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Department of Zoology


Our research investigates the causes and consequences of animal behaviour, with a strong focus on marine organisms. The questions we ask include; how do animals gather information from their social and physical environment, and how do they use this information to inform their behavioural decisions? What benefits do animals gain from behaving the way they do, and why do they not adopt other behavioural strategies? How do animals adapt their behaviour to different ecological or social environments, and what benefits, costs and constraints do they face when doing so?  We primarily use fishes as model systems to answer these questions. Our research framework uses theory-driven questions, manipulative experimental methods, and highly quantitative data acquisition techniques to analyse and interpret behaviour. We use this framework in controlled laboratory experiments as well as in the field to understand the outstanding diversity of behavioural adaptations in marine organisms.

Current research topics include:

  • How do animals coordinate their behaviour in groups, and do conflicts exist between group members when coordination is achieved?
  • How do animals make collective decisions together, and do individuals divide information gathering and processing efficiently between group members?
  • What strategies can individuals use to reduce predation risk, and how can predators increase the likelihood of a successful attack?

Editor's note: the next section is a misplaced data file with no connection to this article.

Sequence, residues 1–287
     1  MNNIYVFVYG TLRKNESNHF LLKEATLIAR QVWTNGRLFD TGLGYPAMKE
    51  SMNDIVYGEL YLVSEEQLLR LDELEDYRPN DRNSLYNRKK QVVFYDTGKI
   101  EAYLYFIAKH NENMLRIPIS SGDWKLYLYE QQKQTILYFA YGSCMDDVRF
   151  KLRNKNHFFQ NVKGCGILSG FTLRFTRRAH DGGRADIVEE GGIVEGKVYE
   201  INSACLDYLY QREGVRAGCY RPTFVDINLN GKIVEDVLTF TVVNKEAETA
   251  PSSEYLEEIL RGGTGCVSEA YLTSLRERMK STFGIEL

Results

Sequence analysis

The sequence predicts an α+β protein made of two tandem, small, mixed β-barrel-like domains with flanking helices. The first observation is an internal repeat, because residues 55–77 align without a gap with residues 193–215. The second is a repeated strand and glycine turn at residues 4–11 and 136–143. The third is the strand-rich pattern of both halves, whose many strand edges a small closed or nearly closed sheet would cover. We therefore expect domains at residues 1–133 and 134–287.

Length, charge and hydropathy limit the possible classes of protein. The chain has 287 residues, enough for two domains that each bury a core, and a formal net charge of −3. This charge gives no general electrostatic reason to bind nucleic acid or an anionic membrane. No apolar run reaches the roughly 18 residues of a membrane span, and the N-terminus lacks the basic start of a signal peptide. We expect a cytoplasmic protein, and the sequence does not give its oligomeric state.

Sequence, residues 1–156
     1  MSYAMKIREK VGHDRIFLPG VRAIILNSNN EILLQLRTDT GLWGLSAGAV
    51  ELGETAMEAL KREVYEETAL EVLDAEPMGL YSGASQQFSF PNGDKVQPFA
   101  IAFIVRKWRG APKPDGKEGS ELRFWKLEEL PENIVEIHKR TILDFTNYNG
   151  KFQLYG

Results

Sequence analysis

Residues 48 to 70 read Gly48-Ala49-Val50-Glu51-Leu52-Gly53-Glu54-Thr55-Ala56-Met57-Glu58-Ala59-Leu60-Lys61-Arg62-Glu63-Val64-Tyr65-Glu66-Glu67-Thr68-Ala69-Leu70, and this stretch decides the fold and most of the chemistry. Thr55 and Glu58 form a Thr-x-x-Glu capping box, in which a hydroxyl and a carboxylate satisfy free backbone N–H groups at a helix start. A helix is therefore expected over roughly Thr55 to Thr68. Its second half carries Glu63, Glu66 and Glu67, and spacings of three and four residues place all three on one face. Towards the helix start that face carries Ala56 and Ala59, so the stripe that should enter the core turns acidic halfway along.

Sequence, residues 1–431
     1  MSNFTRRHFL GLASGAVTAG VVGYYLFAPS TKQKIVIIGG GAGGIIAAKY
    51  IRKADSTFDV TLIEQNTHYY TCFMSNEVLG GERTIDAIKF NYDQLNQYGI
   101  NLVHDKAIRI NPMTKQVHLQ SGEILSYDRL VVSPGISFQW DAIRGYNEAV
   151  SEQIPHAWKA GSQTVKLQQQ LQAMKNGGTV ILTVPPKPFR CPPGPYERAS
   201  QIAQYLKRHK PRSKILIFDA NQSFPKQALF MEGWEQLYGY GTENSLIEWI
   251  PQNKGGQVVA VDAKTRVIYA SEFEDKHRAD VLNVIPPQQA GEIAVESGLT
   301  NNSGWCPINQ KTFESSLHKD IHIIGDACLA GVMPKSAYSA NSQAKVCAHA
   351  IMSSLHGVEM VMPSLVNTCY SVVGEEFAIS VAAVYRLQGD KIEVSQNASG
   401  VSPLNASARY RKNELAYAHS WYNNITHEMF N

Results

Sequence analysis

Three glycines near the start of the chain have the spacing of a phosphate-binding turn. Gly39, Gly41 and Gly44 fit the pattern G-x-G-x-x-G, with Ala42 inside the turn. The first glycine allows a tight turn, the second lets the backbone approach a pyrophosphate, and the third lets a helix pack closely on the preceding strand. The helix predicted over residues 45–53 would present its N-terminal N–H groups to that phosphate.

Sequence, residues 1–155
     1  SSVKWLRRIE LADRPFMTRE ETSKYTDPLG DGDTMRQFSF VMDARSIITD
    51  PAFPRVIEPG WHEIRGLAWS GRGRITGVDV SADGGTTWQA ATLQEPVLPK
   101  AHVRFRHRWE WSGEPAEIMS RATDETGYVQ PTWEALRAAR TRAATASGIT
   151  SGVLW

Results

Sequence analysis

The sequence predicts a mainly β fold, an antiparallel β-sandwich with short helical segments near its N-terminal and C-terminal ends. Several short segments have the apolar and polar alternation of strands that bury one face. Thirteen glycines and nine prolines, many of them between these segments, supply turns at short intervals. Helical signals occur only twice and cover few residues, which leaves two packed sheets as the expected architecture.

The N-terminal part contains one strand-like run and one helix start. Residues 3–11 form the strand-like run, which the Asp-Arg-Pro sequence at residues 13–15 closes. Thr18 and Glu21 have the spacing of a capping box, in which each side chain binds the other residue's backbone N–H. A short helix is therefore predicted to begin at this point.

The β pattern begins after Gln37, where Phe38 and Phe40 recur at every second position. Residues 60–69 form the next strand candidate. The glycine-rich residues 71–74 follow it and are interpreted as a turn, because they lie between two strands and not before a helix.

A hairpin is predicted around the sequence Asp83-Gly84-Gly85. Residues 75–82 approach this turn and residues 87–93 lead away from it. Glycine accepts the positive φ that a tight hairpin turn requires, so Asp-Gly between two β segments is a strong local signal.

• How does environmental noise affect animal movement, perception and behaviour?
  • How do individuals differ in their perceptual and cognitive abilities, and do these differences affect individual and social behaviours?

Key Publications:

Matchette, S. R., Mitchell, E. G., & Herbert-Read, J. E. (2022). Spatial clustering of trumpetfish shadowing behaviour in the Caribbean Sea revealed by citizen science. Marine Biology. 169, 71.

Matchette, S. R., & Herbert-Read, J. E. (2021). Dynamic visual noise promotes social attraction, but does not affect group size preference, in a shoaling fish. Animal Behaviour. 177, 39-48.

Attwell, J. R., Ioannou, C. C., Reid, C. R., & Herbert-Read, J. E. (2021). Fish avoid visually noisy environments where prey targeting is reduced. The American Naturalist. 198, 421-432.

Herbert-Read, J. E., Rosén, E., Szorkovszky, A., Ioannou, C. C., Rogell, B., Perna, A., Sumpter, D.J.T. (2017). How predation shapes the social interaction rules of shoaling fish. Proceedings of the Royal Society B: Biological Sciences. 284, 20171126.

Herbert-Read, J. E., Ward, A. J., Sumpter, D. J., & Mann, R. P. (2017). Escape path complexity and its context dependency in Pacific blue-eyes (Pseudomugil signifer). Journal of Experimental Biology, 220, 2076-2081.

Herbert-Read, J.E., Romanczuk, P., Krause, S., Strömbom, D., Couillaud, P., Domenici, P., Kurvers, R.H., Marras, S., Steffensen, J.F., Wilson, A.D. and Krause, J., (2016) Proto-cooperation: group hunting sailfish improve hunting success by alternating attacks on grouping prey. Proceedings of the Royal Society B: Biological Sciences. 283, 20161671.

Herbert-Read, J.E. (2016). Understanding how animal groups achieve coordinated movement. Journal of Experimental Biology. 219, 2971-2983.

Contact Details

Group Leader

Dr James Herbert-Read

Department of Zoology
University of Cambridge
Downing St

Group Members